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Research Papers

A Low Pressure Turbine With Profiled Endwalls and Purge Flow Operating With a Pressure Side Bubble

[+] Author and Article Information
P. Jenny1

 Laboratory for Energy Conversion, Department of Mechanical and Process Engineering, ETH Zurich, Zurich, 8092, Switzerlandjenny@lec.mavt.ethz.ch

R. S. Abhari

 Laboratory for Energy Conversion, Department of Mechanical and Process Engineering, ETH Zurich, Zurich, 8092, Switzerland

M. G. Rose

 Institute of Aeronautical Propulsion, University of Stuttgart, Stuttgart, 70569, Germany

M. Brettschneider, J. Gier

MTU Aero Engines GmbH, Dachauer Strasse 665, Munich, 80995, Germany

1

Corresponding author.

J. Turbomach 134(6), 061038 (Sep 17, 2012) (9 pages) doi:10.1115/1.4006303 History: Received July 25, 2011; Revised July 27, 2011; Published September 17, 2012

This paper presents an experimental and computational study of non-axisymmetric rotor endwall profiling in a low pressure turbine. Endwall profiling has been proven to be an effective technique to reduce both turbine blade row losses and the required purge flow. For this work, a rotor with profiled endwalls on both hub and shroud is considered. The rotor tip and hub endwalls have been designed using an automatic numerical optimization that is implemented in an in-house MTU code. The endwall shape is modified up to the platform leading edge. Several levels of purge flow are considered in order to analyze the combined effects of endwall profiling and purge flow. The non-dimensional parameters match real engine conditions. The 2-sensor Fast Response Aerodynamic Probe (FRAP) technique system developed at ETH Zurich is used in this experimental campaign. Time-resolved measurements of the unsteady pressure, temperature and entropy fields between the rotor and stator blade rows are made. For the operating point under investigation, the turbine rotor blades have pressure side separations. The unsteady behavior of the pressure side bubble is studied. Furthermore, the results of unsteady RANS simulations are compared to the measurements and the computations are also used to detail the flow field with particular emphasis on the unsteady purge flow migration and transport mechanisms in the turbine main flow containing a rotor pressure side separation. The profiled endwalls show the beneficial effects of improved measured efficiency at this operating point, together with a reduced sensitivity to purge flow.

Copyright © 2012 by American Society of Mechanical Engineers
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References

Figures

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Figure 1

Illustration of leakage path

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Figure 2

Non-axisymmetric endwall shapes from the optimization

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Figure 3

Illustration of geometrical relations and measurement planes

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Figure 4

Comparison between measured and simulated relative flow yaw angle at rotor exit for the nominal injection rate (IR = 0.8%)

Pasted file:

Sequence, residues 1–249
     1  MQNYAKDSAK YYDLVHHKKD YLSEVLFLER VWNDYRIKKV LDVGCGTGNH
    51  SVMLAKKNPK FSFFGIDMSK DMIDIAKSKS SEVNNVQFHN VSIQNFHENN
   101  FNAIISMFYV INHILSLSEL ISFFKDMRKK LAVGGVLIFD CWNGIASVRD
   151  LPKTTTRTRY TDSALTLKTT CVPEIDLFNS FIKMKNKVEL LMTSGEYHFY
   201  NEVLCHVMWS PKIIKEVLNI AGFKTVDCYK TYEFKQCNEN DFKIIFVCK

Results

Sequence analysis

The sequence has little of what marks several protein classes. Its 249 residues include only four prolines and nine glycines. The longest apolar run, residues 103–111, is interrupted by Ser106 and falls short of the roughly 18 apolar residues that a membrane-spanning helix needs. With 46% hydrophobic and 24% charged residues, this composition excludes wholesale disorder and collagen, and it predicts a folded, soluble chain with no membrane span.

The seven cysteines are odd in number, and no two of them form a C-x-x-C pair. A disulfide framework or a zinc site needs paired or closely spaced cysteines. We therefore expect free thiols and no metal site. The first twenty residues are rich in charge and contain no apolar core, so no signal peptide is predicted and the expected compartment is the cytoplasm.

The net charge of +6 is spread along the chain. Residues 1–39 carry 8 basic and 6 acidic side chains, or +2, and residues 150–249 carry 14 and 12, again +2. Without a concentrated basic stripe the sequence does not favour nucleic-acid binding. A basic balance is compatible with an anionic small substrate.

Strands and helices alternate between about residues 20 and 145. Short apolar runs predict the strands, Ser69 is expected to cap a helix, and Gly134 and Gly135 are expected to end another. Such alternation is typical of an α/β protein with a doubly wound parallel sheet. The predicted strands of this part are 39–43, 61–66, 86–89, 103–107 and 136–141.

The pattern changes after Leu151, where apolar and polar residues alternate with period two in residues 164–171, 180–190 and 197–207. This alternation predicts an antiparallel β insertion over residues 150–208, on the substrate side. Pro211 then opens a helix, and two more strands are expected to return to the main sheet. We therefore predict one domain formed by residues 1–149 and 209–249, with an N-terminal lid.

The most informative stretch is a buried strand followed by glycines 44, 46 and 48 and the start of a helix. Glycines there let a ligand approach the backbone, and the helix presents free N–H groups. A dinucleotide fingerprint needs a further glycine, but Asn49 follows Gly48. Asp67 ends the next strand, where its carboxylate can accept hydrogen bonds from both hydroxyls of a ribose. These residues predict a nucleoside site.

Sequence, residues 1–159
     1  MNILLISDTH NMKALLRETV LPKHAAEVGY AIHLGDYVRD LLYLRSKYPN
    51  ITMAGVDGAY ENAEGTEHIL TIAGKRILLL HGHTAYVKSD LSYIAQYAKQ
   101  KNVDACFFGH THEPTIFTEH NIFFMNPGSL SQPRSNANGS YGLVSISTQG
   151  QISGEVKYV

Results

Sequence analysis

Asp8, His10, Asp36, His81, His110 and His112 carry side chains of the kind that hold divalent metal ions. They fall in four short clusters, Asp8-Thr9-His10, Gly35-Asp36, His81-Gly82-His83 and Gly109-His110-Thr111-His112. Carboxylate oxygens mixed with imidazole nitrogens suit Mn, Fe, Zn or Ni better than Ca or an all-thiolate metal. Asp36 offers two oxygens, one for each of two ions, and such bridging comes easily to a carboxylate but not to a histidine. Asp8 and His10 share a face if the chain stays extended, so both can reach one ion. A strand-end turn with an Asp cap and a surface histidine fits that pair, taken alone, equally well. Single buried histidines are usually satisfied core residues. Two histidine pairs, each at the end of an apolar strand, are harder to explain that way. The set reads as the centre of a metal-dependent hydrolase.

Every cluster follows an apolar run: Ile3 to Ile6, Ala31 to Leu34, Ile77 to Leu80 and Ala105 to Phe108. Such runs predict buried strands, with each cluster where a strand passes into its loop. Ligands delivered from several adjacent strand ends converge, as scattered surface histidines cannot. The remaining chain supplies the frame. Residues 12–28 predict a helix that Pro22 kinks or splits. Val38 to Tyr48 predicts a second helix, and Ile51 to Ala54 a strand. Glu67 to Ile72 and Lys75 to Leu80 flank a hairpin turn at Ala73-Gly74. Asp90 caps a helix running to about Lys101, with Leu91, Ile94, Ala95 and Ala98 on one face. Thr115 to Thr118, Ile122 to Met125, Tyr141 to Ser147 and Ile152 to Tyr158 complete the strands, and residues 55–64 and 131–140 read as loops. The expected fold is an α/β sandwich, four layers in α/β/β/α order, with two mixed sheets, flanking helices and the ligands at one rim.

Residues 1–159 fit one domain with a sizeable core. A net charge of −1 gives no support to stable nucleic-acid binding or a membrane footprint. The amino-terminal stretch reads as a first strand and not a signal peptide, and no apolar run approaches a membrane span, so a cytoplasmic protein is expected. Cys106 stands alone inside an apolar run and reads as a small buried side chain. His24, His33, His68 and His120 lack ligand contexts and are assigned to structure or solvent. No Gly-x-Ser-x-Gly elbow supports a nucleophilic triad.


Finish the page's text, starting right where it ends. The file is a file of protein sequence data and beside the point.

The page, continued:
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Figure 5

Comparison of normalized total pressure (=Pt /Pt,in ) in rotor frame of reference for prediction and experiment at the rotor exit at the nominal injection rate IR = 0.8%

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Figure 6

Normalized total to total efficiency as a function of injected purge flow for computation and measurements with error estimation

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Figure 7

Radial distribution of circumferentially mass and time-averaged measured relative flow yaw angle at rotor exit as a function of injection rate

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Figure 8

Time-averaged area plot in rotor relative frame of reference at rotor exit. The parameter is the experimental rms of the rotor relative total pressure Pt,rel (Pa).

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Figure 9

Time-averaged area plot in rotor relative frame of reference at rotor exit. The parameter is the streamwise vorticity ΩS (1/s).

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Figure 10

Time space plot of the experimental rms of the total pressure (Pa) at 60% span

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Figure 11

Iso-surfaces of zero axial velocity on the rotor blade pressure side during one period T corresponding to two stator pitches. The black rectangle in Fig. 1 defines the view of each subfigure.

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Figure 12

Particle tracks of particles released inside pressure side bubble, IR = 0.8%. The color of the particles indicates the relative velocity (m/s).

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Figure 13

Contour plot of normalized reduced static pressure (=Pred /Pt,in ) on the rotor blade for nominal injection rate

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Figure 14

Iso-surfaces of zero axial velocity on the rotor blade pressure side for three different injection levels but at the same phase in the cycle

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Figure 15

Circumferentially area and time-averaged measured static pressure coefficient (=Ps /Pt,in ) and change of incidence between nominal injection rate (IR = 0.8%) and the lowest injection rate (IR = 0.4%) and the maximum injection rate (IR = 1.2%) and the lowest injection rate at rotor inlet

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